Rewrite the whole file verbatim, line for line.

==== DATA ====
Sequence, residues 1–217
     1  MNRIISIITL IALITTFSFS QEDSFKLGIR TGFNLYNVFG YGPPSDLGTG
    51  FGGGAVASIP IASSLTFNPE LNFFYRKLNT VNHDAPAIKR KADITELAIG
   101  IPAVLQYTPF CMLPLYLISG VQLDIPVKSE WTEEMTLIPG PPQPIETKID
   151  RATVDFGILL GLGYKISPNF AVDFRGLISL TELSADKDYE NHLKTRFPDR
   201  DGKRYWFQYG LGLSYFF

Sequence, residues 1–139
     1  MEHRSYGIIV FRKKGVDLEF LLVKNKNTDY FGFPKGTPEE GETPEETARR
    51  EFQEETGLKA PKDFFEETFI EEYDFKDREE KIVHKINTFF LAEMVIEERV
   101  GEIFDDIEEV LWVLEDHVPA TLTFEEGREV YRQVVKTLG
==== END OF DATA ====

Sequence, residues 1–217
     1  MNRIISIITL IALITTFSFS QEDSFKLGIR TGFNLYNVFG YGPPSDLGTG
    51  FGGGAVASIP IASSLTFNPE LNFFYRKLNT VNHDAPAIKR KADITELAIG
   101  IPAVLQYTPF CMLPLYLISG VQLDIPVKSE WTEEMTLIPG PPQPIETKID
   151  RATVDFGILL GLGYKISPNF AVDFRGLISL TELSADKDYE NHLKTRFPDR
   201  DGKRYWFQYG LGLSYFF

Sequence, residues 1–139
     1  MEHRSYGIIV FRKKGVDLEF LLVKNKNTDY FGFPKGTPEE GETPEETARR
    51  EFQEETGLKA PKDFFEETFI EEYDFKDREE KIVHKINTFF LAEMVIEERV
   101  GEIFDDIEEV LWVLEDHVPA TLTFEEGREV YRQVVKTLG